For example, there's a growing body of evidence that it undermines public safety if you don't help people move beyond their criminal records and participate in the workforce. Without that help, the chance of people returning to the criminal justice system increases.
One study estimates that the unemployment rate for formerly incarcerated people is more than 27 percent — far higher than the total U.S. unemployment rate during any historical period, including the Great Depression. The rate is even higher for African-Americans who've had run-ins with the law.
With the national jobless rate at historical lows, many companies are looking at new ways to hire additional workers. A recent survey showed that more than 80 percent of managers — and two-thirds of human resource professionals — "feel that the value workers with criminal records bring to the organization is as high as or higher than that of workers without records."
As in many other states, the work of sealing and expungement in Indiana mostly falls to nonprofit legal groups and private attorneys. But in Marion County, the prosecutor's office has hired a full-time paralegal to process all requests. The county has had more than 11,500 people come through since legislators implemented the law.
While the mood nationally surrounding expungement has dramatically improved, some prosecutors and judges remain skeptical or outright opposed to records clearing. Philosophically they don't think those who've broken the law should get a clean slate.
So it helps a lot that in Marion County, which encompasses Indianapolis, Prosecutor Terry Curry fully supports the effort. He advocated for the law because he thinks people who've stayed out of trouble shouldn't carry the legal stain forever.
"If our goal is to have individuals not reoffend, then in our mind it's appropriate to remove obstacles that are going to inhibit their ability to become productive members of our community," Curry says.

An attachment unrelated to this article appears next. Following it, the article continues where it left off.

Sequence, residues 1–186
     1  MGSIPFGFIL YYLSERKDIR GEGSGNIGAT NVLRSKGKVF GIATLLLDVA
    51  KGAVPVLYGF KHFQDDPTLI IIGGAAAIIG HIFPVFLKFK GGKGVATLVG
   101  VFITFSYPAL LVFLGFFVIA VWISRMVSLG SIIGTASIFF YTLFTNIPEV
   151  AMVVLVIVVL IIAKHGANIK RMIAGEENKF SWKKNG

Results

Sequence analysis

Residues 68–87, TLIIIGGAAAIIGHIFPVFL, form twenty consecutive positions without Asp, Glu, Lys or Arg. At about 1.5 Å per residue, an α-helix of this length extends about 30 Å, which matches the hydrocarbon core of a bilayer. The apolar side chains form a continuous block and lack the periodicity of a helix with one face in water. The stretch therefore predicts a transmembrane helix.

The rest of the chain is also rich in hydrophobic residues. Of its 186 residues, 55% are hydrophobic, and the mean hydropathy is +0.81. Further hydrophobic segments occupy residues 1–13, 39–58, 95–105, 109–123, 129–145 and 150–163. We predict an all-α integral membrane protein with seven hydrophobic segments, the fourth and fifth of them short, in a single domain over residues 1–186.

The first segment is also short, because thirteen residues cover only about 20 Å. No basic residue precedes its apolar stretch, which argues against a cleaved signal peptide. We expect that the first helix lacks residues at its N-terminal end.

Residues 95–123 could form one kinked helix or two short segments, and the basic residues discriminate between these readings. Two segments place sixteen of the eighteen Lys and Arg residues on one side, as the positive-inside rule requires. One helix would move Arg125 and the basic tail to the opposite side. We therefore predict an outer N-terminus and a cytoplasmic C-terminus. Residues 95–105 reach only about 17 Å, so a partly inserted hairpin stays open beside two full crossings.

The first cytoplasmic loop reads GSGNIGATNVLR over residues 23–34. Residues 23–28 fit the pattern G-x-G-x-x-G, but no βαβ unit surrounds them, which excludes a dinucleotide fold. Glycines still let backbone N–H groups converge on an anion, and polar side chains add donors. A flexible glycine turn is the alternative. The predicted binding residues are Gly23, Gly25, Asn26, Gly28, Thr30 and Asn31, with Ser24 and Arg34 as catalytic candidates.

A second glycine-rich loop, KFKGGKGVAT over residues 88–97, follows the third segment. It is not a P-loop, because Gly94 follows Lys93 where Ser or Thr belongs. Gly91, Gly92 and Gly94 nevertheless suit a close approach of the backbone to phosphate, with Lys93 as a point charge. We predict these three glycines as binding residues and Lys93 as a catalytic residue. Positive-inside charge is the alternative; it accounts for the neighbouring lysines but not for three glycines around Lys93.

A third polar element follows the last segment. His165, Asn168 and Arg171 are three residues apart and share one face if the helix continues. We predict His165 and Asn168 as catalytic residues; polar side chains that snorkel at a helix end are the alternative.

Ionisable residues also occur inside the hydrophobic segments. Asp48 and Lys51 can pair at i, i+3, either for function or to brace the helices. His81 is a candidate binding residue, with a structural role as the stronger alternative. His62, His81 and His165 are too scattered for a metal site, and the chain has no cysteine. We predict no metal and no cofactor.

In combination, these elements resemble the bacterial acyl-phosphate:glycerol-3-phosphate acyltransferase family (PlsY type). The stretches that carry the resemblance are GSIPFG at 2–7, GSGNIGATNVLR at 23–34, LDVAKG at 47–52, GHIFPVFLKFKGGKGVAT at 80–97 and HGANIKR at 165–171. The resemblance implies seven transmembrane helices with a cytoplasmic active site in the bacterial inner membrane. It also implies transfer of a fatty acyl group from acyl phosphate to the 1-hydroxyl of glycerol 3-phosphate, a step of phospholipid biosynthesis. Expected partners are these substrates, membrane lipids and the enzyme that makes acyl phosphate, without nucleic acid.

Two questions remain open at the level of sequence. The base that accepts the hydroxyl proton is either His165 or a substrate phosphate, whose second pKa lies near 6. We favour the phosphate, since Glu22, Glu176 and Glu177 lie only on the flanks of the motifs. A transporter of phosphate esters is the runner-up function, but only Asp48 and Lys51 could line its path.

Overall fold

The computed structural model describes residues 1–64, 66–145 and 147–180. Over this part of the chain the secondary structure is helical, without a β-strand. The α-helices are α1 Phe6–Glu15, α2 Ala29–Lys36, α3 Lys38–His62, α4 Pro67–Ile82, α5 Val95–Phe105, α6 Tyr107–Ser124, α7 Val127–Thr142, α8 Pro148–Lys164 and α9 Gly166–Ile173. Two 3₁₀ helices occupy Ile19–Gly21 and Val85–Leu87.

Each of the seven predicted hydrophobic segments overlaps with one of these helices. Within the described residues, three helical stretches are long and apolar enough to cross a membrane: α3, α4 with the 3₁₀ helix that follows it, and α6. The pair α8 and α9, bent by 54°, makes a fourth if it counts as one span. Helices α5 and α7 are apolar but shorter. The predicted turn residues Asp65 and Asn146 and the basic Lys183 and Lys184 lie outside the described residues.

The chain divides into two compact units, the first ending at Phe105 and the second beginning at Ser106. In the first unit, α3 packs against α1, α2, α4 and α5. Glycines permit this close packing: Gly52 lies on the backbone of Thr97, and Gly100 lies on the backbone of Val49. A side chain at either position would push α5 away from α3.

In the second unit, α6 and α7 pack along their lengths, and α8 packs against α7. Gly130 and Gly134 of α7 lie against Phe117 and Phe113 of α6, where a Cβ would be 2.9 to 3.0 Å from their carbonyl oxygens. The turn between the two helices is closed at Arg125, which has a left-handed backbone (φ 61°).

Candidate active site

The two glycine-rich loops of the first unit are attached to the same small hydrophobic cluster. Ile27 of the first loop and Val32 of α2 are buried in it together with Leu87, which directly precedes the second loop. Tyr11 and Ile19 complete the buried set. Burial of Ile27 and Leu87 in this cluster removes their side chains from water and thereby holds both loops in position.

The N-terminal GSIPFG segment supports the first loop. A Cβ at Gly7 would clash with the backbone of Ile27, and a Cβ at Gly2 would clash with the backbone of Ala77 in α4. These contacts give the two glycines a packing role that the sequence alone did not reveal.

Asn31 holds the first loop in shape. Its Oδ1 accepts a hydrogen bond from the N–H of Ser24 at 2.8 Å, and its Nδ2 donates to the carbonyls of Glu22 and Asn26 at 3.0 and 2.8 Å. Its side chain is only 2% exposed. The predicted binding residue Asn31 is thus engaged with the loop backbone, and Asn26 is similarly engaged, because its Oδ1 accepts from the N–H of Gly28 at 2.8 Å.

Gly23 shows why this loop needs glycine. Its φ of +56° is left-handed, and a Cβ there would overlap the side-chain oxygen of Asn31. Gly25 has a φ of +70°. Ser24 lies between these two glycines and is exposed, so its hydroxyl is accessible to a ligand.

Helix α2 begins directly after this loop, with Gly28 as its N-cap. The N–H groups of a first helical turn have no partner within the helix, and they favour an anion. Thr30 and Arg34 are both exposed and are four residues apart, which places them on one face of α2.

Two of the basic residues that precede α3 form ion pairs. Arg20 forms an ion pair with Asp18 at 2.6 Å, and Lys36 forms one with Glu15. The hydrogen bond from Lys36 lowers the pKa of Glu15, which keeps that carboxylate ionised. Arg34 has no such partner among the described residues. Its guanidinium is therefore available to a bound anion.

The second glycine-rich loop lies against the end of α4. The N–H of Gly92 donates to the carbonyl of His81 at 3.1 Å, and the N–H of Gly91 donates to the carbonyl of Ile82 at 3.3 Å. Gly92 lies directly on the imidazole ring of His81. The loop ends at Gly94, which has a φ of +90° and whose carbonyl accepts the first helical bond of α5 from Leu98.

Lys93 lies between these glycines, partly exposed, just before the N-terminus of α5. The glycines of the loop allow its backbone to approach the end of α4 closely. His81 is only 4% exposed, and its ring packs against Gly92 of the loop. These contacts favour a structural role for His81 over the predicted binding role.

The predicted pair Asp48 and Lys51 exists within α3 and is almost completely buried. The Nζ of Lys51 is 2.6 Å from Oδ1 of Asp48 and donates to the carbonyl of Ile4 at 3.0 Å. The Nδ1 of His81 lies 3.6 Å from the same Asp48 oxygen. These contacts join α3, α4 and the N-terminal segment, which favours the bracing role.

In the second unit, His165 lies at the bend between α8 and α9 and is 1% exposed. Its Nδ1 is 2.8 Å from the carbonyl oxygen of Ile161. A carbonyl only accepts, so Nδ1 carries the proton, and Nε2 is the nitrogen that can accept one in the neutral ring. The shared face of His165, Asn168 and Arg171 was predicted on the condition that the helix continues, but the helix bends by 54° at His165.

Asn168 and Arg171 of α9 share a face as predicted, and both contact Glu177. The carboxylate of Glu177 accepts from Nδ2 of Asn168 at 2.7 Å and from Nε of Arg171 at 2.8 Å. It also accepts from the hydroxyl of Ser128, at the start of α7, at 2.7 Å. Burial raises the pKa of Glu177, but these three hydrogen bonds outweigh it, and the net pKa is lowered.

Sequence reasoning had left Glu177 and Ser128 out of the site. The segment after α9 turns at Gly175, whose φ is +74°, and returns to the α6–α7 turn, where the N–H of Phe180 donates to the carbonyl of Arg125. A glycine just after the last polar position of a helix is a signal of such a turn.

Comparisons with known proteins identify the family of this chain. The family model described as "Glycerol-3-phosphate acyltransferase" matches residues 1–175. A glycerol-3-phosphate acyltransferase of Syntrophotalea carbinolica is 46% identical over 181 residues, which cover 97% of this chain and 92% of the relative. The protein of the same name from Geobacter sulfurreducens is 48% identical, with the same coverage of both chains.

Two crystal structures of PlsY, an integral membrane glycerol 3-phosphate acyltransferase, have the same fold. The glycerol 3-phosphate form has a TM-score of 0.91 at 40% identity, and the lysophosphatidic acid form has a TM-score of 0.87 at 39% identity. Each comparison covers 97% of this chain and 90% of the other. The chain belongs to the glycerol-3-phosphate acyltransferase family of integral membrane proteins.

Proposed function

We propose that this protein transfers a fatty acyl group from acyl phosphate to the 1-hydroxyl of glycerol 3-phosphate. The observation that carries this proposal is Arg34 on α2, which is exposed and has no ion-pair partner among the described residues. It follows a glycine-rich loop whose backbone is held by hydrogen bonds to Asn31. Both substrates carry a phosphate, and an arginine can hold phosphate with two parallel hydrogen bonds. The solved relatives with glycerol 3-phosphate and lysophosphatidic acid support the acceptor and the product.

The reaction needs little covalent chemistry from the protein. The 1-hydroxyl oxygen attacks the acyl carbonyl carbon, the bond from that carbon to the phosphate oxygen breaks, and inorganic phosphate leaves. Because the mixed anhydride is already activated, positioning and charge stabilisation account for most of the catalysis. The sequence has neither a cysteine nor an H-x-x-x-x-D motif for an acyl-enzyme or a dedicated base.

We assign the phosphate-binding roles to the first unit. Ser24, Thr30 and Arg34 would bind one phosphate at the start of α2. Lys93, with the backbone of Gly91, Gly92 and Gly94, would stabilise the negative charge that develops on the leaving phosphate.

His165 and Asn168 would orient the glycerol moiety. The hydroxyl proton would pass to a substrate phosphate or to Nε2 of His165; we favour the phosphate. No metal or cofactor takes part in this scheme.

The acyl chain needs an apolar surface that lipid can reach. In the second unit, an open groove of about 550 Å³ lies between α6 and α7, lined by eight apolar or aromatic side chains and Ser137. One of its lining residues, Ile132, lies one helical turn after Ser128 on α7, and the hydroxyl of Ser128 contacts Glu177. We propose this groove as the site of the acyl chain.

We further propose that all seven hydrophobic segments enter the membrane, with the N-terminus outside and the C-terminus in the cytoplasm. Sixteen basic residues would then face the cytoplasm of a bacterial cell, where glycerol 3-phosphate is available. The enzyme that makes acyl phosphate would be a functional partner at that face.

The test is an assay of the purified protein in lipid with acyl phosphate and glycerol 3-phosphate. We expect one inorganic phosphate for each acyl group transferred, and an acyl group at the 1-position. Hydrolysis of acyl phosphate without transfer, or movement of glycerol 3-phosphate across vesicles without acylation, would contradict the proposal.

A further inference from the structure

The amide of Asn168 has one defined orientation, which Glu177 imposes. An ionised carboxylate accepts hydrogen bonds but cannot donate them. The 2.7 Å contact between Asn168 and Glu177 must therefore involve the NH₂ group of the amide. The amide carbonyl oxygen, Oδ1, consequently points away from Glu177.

While most cases in Indiana involve misdemeanors, judges have discretion with violent-felony petitions. Victims of those crimes also can give testimony. More serious felonies can be expunged eight or 10 years after the completion of the sentence.
Some crimes must have the prosecutor's written consent for expungement. Homicides and some sexual offenses are not eligible for expungement in Indiana and in most other states.
You can petition to have records for convictions expunged only once in your lifetime. If you are convicted of other charges later on, there's no chance of having them sealed.
While the process in Indiana and in other states seems simple, serious hurdles remain. Expungement can be time consuming and costly. There are filing fees for every petition — fees not everyone can afford.
In addition, the process can vary from county to county depending on cooperation from local prosecutors. Advocates in Indiana want lawmakers to make it easier for people to expunge their records — regardless of where they are in the state.
Getting the word out
Even more vexing — in Indiana and throughout the country — is the general ignorance about existing expungement laws. People just don't know they exist or how they work.
Public defenders from New York to Los Angeles say they have to do a better job of both getting the word out and pushing states to better fund these efforts.
At a recent LA-area expungement clinic, a man showed up who'd done significant prison time for a nonviolent felony. And he'd been off probation for more than five years. He still couldn't get a job. The man, who didn't want his name used, thought at first the expungement clinic was some kind of scam.
"He had no idea he could not only get it [the felony] expunged but reduced to a misdemeanor," says Los Angeles County Deputy Public Defender Lara Kislinger, who was helping him with the paperwork. "He just had no idea. And he was so grateful. And he's been having so much trouble finding a job. And we want people to be able to re-enter society and be productive members of society. And this was a case where it was so obvious it was holding up jobs — and life. And it's tragic."